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Have We Unleashed a Monster? Subverting Journalism: Embeded Reporters and the CIA

You recently began something called Vice News. How is it different from what Vice already does? Through YouTube, we learned that our audience wants more news. So news is going to be its own offering. It’s a new site with long-form video, short-form video, shows on the environment, economics, conflict.

Vice was a hip magazine, and now it’s a media company that works directly with corporations, which is sort of necessarily unhip. When we started the magazine, we had to have one page of ads for every page of content. That was our rule. We learned very early on you can’t be precious about that, because then you don’t have a thing. Partnering with a brand is just a smarter way of doing it.

You’ve said that objective news is impossible because no one is really objective. I grew up in Canada, and I live in New York. When I go to cover something in Afghanistan or in Iraq, I don’t know all the facts. I don’t know both sides of the story. It’s impossible to.

But don’t you think that’s why journalism has strict rules — precisely because no one can be objective? I understand it, and people can try to do that, for sure. I don’t believe in it myself. It’s fake, so we don’t do it. Then the journalism establishment says, “Unless you do news the way we do it, it’s not news.” I think that’s stupid.

How is Vice going to cover, say, monetary policy? That’s a good question. We’re not going to cover monetary policy. For us, we embed with Occupy Wall Street, the communists, the young people.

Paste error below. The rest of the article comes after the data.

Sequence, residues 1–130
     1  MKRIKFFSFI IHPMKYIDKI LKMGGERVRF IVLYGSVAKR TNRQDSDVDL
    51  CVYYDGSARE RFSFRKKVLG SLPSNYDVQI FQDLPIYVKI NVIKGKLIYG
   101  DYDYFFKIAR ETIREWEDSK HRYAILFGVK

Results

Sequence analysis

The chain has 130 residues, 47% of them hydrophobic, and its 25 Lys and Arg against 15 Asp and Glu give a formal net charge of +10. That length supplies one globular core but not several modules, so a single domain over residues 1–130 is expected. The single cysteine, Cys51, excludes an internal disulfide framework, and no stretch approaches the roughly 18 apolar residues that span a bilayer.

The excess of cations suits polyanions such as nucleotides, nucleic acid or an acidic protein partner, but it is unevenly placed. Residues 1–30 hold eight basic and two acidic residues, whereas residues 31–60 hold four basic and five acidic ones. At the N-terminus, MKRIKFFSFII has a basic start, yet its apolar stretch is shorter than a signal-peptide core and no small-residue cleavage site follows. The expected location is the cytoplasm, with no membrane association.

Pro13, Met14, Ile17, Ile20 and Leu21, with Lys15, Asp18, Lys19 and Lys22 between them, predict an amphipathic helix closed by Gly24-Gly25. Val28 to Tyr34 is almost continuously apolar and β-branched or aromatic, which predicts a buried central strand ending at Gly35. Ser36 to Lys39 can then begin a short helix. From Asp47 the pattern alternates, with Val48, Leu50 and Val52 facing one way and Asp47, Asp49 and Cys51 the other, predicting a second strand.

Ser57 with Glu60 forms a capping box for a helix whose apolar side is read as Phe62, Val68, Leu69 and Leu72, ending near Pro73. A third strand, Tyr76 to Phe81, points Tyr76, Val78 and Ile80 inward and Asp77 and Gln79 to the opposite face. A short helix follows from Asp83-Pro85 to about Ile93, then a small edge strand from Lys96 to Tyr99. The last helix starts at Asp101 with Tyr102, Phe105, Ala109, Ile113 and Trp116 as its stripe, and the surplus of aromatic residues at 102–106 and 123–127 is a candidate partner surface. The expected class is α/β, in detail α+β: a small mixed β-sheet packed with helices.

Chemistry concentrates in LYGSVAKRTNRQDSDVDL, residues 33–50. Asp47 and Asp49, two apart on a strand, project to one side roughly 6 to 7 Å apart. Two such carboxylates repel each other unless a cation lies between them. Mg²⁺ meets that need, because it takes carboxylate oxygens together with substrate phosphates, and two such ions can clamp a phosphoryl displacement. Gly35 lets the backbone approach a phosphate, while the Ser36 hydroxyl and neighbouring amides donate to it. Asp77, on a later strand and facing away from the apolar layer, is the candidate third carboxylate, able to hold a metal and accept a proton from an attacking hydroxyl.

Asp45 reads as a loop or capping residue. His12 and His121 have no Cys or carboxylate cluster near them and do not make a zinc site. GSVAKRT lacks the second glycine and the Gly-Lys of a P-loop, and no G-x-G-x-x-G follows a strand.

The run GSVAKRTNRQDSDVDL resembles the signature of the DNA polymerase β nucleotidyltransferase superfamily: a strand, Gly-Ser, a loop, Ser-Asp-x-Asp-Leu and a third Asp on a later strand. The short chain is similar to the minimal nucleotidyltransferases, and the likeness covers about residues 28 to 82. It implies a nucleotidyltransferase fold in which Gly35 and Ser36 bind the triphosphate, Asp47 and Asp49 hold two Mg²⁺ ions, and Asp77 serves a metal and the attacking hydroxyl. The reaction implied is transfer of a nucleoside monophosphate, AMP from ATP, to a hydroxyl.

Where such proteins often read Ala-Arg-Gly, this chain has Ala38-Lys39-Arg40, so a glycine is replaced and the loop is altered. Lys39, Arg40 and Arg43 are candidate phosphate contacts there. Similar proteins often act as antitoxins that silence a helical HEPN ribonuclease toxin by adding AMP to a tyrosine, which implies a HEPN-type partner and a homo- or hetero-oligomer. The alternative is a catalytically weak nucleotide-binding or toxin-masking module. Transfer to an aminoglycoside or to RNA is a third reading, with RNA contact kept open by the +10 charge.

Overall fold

What do you think of the criticism of the first season of “Vice” on HBO? The criticism I thought was funny was about us taking Dennis Rodman to North Korea. They were damning the show before they had seen it, calling us stunt journalists. Meanwhile, the BBC tried to sneak into North Korea using students as cover.

Before the first season aired, you told Charlie Rose that you had an interview with Kim Jong-un, but it never materialized. What happened? We did interview him, but we didn’t get it on camera. We had a three-hour dinner with the guy, but we weren’t allowed to bring anything in. You couldn’t bring keys in, you couldn’t bring credit cards. We were supposed to get the footage from the North Korean television agency, but they didn’t give it to us.

Rodman has since gone back to North Korea without Vice. Do you feel as if you’ve unleashed a monster? Rodman went for three days. We were there for 10 days to shoot. Have we unleashed a monster? Probably. The guy has a well-documented alcohol problem, and I hope he gets better. I mean, we knew that they loved the Bulls, but most of the Bulls didn’t want to go.
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Recent Comments
25 March 2014

Heaven help us if Shane Smith represents the future of journalism. Just listen to him: “Look, economic disparity is bad. But we’ve already…
24 March 2014

This just reflects the sad trend of dumbing down news. The sadder truth is that there are viewers who actually demand this type of content….
Ted Pikul
23 March 2014

Good lord. Land-speed record for throwing co-conspirator Rodman under the bus – complete with ad hominem attack.Vice was a guilty pleasure…

Did you ask Michael Jordan or Scottie Pippen?
Yeah, Jordan and Pippen. They said no.

You believe that young people worldwide are disenfranchised. Do you think popular uprisings will fix things? No. I’m actually worried, because I believe that it’s going to get worse. Look, economic disparity is bad. But we’ve already tried having governments redistribute wealth. We tried it in Russia and China to disastrous effect.

News Corp. bought a 5 percent stake in Vice, and now James Murdoch is on the board. Why did you sell to them? I’ve said that I want to be the next MTV, the next CNN, the next ESPN. Cue everyone rolling their eyes. MTV went to Viacom, ESPN went to Disney and Hearst, CNN went to Time Warner. Why? Because to build a global media brand, it’s almost impossible to do it alone. James has been involved in one of the largest media companies in the world since he was in short pants.

Do you ever fear that Vice will become legacy media itself? It’s our time now. Then, I don’t know, it’ll be holograms next, and some kid will come up and eat our lunch.

Interview From New York Magazine

Picture of Steven Smith Vice Founder with Qatari Army Officer and Al_Qaeda Fighters in Libya in 2011



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